This is one spot I can’t pass without staying at, whenever we travel in the Northern Territory. Karlu Karlu, also known as the Devils Marbles, has a very mysterious feel about it and never fails to leave you awestruck.
The way they were formed isn’t that mysterious though, the balancing marble like boulders are a result of a process over millions of years where solid granite rocks have eroded away due to the elements and left weathered granite boulders perched on rock platforms.
For the traditional owners it has been a meeting place for four traditional groups of the region, the Warumungu, Alyawarra, Kaytetye and Walpiri people. It is a place where ceremonies were held and is therefore sacred to traditional owners. A few walking tracks have been made for visitors to easily get up close to and see these amazing natural rock formations including one which takes you up to a lookout area on top. In return for the privilege of being able to explore this area there are a few requests not to walk in other areas or to take photographs at certain spots and no drones are allowed. Unfortunately there are a few selfish people as always out there and we saw people ignoring all of these requests.
The walks that are encouraged include the Nyanjiki lookout walk which takes about 20 minutes return and takes you up and over the boulders and gives a brilliant elevated view over the country. Nurrku walk is a 4 kilometre loop on flat country which takes around an hour and a half to complete. This walk takes you past more of the boulders at ground level and enables you to see the plants and animals of the region closer up.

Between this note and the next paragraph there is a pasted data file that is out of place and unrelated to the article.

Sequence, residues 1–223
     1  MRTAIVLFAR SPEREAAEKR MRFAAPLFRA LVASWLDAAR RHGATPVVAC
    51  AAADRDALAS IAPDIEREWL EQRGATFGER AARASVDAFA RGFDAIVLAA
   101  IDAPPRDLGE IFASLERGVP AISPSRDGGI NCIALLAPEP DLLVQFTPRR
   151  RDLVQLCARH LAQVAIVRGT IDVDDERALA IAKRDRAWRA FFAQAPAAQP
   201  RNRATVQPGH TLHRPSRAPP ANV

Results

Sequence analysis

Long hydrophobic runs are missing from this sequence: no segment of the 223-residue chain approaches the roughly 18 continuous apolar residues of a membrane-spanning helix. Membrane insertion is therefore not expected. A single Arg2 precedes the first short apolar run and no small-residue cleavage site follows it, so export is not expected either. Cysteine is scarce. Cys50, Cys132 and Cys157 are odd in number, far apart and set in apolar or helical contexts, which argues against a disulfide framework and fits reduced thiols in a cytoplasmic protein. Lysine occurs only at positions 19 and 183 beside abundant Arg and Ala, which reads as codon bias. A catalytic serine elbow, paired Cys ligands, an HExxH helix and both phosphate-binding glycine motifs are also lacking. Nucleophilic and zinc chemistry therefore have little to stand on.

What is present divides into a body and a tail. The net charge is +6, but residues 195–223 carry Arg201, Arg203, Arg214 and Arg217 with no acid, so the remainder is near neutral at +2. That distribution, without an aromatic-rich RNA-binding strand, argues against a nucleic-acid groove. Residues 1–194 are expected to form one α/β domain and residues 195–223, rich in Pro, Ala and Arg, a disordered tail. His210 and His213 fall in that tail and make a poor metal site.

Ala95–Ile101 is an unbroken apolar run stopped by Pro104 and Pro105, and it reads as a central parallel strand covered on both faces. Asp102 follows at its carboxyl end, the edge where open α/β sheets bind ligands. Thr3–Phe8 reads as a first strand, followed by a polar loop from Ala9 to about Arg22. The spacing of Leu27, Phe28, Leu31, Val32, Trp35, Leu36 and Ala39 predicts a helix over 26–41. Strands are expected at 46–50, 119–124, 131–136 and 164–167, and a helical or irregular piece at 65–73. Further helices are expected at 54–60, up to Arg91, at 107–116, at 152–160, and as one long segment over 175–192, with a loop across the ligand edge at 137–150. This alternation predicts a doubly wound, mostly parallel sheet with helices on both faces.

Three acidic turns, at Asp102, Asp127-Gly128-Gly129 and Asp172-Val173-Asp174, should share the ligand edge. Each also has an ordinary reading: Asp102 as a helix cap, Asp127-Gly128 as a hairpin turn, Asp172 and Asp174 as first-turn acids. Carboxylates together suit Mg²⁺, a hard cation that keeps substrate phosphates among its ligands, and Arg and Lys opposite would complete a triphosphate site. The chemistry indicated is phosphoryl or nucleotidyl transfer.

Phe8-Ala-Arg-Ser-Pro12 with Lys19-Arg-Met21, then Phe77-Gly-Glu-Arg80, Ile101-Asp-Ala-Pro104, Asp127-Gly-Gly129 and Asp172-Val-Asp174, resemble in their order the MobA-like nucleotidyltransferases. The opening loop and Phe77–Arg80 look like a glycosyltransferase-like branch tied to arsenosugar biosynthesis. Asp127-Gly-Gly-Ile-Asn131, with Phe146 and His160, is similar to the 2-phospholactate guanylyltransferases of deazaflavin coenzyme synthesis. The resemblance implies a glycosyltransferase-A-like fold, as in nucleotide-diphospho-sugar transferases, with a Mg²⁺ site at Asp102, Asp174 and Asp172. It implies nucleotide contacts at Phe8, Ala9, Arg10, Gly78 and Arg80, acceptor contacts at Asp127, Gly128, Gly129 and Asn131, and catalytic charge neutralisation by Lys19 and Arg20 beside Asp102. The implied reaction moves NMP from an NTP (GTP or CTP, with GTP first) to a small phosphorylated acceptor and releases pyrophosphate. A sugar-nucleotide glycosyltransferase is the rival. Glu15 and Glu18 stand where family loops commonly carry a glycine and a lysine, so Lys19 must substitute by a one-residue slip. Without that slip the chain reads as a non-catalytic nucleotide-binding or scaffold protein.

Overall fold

The Mayijangu walk takes you on an 800 metre loop around and over parts of the biggest section of boulders where there is plenty of plant life to see, but I’m yet to see a black footed rock wallaby which call this area home too. This walk takes around half an hour and is relatively easy to complete. Karlu Karlu has a huge amount of bush tucker available that traditional owners have collected and used over the years, and even to the untrained eye you can spot a variety of fruiting plants.
The landscape surrounding the boulders has corkwood trees, mulga acacia, Sturt desert rose and grasses and the wildlife you can spot ranges from eagles and hawks, desert tree frog, lizards and possibly dingoes.
Karlu Karlu is 100 kilometres south of Tennant Creek or around 400 kilometres north of Alice Springs in the Northern Territory. There are 24 designated caravan sites and more room for tent camping on the edges of that. Facilities include toilets, picnic area, shelter, fire pits and story boards full of information and guides to the different walking trails.
On this visit there was a campground host who collected the fees, $6.60 for two adults for a night but we were still able to choose where we wanted to park. As of the 1st of July 2021, campground fees in Conservation and National Parks in the Northern Territory will be increased so check before you go what the current rates are.
They draw me back every time we visit the Territory because of the terrific campground and facilities, well signposted and easy walks, the colours of the landscape are a dream and the changing colour of the rocks rival a sunset at Uluru. You also get fantastic clear starry nights without light pollution to enjoy this beautiful part of Australia day and night.
Enjoy the journey